Earlier this week at SXSW, BBH Labs decided to make homeless people in Austin walking Hotspots
, giving each individual devices, paying them for six hours of work and suggesitng SXSW attendees give a $2 donation to the individual for 15 minutes of time. the stunt, designed to represent "a modernized version of homeless selling street newspapers," quickly became one of the most talked about issues at SXSW, and in my opinion, will probably be pointed to as one of the big PR blunders of 2012.
Polarizing as it was, BBH went on record to defend its actions, saying that it helped attendees interact with individuals they normally wouldn't, and according to this article
Dusty White, one of the participants, said that he was "proud" and would do it again. Critics say that the action was dehumanizing, careless and not well prepared.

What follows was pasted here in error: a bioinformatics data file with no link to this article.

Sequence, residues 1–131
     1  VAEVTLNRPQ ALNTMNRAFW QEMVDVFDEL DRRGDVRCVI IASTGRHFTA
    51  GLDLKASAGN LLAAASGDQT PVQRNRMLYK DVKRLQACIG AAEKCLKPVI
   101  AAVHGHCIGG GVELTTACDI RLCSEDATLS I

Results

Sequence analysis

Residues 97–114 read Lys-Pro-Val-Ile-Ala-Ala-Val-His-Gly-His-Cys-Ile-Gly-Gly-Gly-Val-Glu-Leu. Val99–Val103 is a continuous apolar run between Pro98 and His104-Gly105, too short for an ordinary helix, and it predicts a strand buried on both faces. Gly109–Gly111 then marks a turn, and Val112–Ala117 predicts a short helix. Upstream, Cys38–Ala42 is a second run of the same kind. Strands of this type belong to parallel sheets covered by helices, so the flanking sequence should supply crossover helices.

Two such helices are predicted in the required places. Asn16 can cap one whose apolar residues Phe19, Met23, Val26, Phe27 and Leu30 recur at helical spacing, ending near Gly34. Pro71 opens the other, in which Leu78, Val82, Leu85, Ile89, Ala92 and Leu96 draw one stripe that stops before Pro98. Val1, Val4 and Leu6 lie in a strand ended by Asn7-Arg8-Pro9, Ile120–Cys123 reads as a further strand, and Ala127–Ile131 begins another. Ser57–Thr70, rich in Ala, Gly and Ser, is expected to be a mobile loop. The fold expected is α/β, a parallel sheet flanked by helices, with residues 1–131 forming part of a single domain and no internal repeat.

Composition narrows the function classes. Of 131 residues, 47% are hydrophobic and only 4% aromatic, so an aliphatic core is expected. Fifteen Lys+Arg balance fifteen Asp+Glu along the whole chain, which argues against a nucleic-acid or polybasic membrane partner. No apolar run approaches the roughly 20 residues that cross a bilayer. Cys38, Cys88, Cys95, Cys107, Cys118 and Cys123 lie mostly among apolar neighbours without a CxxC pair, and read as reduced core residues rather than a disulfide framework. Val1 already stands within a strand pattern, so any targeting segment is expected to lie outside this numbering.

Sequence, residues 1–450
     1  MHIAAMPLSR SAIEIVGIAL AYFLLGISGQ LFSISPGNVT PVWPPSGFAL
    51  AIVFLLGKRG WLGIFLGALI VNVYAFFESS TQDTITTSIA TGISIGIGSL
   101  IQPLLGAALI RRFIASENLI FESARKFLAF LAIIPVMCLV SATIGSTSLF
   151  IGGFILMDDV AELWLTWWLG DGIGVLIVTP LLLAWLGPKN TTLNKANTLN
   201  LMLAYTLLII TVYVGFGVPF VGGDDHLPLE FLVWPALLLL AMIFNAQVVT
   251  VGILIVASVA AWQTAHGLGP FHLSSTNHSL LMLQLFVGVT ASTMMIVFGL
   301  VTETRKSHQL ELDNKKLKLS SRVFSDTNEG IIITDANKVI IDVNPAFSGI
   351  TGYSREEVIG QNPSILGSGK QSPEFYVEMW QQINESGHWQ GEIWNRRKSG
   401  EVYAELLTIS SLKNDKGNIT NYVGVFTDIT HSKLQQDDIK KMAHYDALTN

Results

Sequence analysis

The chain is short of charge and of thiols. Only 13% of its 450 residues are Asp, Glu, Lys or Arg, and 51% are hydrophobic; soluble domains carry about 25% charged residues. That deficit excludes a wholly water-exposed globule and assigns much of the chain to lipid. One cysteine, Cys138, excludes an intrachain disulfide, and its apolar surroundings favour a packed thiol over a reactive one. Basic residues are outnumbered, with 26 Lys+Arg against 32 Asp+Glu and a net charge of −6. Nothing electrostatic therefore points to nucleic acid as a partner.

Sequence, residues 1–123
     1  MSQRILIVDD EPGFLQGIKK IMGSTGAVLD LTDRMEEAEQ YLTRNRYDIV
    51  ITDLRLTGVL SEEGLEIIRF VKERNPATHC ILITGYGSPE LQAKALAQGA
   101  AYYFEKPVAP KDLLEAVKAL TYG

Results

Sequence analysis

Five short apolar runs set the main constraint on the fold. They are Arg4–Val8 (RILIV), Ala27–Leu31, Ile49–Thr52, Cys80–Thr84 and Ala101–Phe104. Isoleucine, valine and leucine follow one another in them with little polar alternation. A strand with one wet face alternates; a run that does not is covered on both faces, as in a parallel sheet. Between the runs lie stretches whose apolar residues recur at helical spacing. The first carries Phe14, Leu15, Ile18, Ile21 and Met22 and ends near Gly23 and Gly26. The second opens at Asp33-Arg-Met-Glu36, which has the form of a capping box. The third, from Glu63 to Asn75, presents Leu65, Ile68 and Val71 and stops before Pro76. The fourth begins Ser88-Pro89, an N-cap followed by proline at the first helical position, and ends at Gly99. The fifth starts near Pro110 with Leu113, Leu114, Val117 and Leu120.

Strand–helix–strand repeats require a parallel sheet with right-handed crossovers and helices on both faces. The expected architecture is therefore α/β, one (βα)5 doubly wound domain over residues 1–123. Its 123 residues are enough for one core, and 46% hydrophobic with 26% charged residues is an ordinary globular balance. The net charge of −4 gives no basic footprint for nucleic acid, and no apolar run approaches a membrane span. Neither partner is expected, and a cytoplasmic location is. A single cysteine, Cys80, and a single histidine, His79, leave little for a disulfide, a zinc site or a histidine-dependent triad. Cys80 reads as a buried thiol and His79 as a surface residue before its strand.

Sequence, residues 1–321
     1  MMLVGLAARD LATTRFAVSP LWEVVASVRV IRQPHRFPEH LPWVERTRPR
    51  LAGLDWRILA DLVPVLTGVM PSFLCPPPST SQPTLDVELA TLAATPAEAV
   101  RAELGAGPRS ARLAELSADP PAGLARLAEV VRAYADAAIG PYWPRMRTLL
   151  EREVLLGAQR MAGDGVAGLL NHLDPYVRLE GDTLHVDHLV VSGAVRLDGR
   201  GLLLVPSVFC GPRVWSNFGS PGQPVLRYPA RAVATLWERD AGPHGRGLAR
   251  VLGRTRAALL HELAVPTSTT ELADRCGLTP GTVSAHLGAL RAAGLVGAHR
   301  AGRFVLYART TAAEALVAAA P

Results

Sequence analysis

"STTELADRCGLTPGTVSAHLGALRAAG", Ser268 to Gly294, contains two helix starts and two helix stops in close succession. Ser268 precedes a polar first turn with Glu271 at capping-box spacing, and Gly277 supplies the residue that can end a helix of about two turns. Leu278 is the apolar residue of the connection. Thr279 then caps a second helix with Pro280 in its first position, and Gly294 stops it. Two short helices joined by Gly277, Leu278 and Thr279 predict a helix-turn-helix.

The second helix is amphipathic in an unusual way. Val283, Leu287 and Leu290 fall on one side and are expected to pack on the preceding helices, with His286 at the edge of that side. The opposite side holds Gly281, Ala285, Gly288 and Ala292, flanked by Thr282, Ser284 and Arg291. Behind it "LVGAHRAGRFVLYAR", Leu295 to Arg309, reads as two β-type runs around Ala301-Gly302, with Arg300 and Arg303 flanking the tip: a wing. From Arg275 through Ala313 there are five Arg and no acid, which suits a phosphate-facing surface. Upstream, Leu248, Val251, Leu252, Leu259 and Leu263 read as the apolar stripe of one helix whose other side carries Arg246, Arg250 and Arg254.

When I first read this, I instantly thought about a book I had recently read and highly recommend, "How We Decide
" by Jonah Lehrer. In a nutshell, the book looks at our decision-making process and when going with your 'gut' is to be trusted, and, how sometimes as individuals we can outsmart our 'gut' and rationalize the heck out of our decisions - with rationalization somtimes leading us astray.
After reading about Homeless Hotspots, I'm pretty sure this was a moment in which trusting your 'gut' could have come in handy. When it comes to marketing, trusting your emotional reaction to a campaign is as important and compelling as the rational decision-making process behind it. And, it proves that giving yourself perspective is an absolute must before you take anything to market.
This is an old journalism trick that someone else recently resurfaced, but by simply writing all the headlines that could come out of your activation - good and bad - you can help create distance from a project and give yourself and your team renewed perspective.
Here's another great post
on the issue from blog RSMITHING.
What do you think about this activation? Is all press good press or do you think they went too far?